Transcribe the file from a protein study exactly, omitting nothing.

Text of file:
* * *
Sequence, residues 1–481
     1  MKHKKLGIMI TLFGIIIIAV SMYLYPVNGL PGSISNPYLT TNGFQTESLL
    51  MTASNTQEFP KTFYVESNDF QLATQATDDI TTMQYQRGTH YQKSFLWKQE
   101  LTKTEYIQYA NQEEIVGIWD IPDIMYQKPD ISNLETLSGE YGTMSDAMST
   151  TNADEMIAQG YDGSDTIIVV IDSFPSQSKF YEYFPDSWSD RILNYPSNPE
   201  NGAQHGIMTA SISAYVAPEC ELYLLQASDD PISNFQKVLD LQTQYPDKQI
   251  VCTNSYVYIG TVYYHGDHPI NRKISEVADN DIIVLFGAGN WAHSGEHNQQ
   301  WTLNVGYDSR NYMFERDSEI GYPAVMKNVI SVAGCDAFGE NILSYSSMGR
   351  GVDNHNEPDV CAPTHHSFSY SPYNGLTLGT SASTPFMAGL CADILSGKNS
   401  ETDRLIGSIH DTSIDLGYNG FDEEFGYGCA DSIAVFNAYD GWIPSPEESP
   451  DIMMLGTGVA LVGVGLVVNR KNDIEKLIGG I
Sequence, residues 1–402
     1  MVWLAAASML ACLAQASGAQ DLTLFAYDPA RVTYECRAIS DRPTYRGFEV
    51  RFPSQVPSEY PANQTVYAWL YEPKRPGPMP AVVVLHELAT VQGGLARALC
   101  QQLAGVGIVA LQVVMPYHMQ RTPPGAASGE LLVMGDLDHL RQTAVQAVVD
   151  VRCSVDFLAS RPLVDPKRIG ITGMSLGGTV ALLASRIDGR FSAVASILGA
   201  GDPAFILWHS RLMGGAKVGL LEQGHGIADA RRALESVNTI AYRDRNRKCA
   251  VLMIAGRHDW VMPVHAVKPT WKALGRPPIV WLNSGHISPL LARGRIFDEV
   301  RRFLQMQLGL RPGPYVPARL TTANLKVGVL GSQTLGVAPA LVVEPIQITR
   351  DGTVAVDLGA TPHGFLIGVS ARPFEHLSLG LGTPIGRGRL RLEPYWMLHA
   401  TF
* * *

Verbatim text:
Sequence, residues 1–481
     1  MKHKKLGIMI TLFGIIIIAV SMYLYPVNGL PGSISNPYLT TNGFQTESLL
    51  MTASNTQEFP KTFYVESNDF QLATQATDDI TTMQYQRGTH YQKSFLWKQE
   101  LTKTEYIQYA NQEEIVGIWD IPDIMYQKPD ISNLETLSGE YGTMSDAMST
   151  TNADEMIAQG YDGSDTIIVV IDSFPSQSKF YEYFPDSWSD RILNYPSNPE
   201  NGAQHGIMTA SISAYVAPEC ELYLLQASDD PISNFQKVLD LQTQYPDKQI
   251  VCTNSYVYIG TVYYHGDHPI NRKISEVADN DIIVLFGAGN WAHSGEHNQQ
   301  WTLNVGYDSR NYMFERDSEI GYPAVMKNVI SVAGCDAFGE NILSYSSMGR
   351  GVDNHNEPDV CAPTHHSFSY SPYNGLTLGT SASTPFMAGL CADILSGKNS
   401  ETDRLIGSIH DTSIDLGYNG FDEEFGYGCA DSIAVFNAYD GWIPSPEESP
   451  DIMMLGTGVA LVGVGLVVNR KNDIEKLIGG I
Sequence, residues 1–402
     1  MVWLAAASML ACLAQASGAQ DLTLFAYDPA RVTYECRAIS DRPTYRGFEV
    51  RFPSQVPSEY PANQTVYAWL YEPKRPGPMP AVVVLHELAT VQGGLARALC
   101  QQLAGVGIVA LQVVMPYHMQ RTPPGAASGE LLVMGDLDHL RQTAVQAVVD
   151  VRCSVDFLAS RPLVDPKRIG ITGMSLGGTV ALLASRIDGR FSAVASILGA
   201  GDPAFILWHS RLMGGAKVGL LEQGHGIADA RRALESVNTI AYRDRNRKCA
   251  VLMIAGRHDW VMPVHAVKPT WKALGRPPIV WLNSGHISPL LARGRIFDEV
   301  RRFLQMQLGL RPGPYVPARL TTANLKVGVL GSQTLGVAPA LVVEPIQITR
   351  DGTVAVDLGA TPHGFLIGVS ARPFEHLSLG LGTPIGRGRL RLEPYWMLHA
   401  TF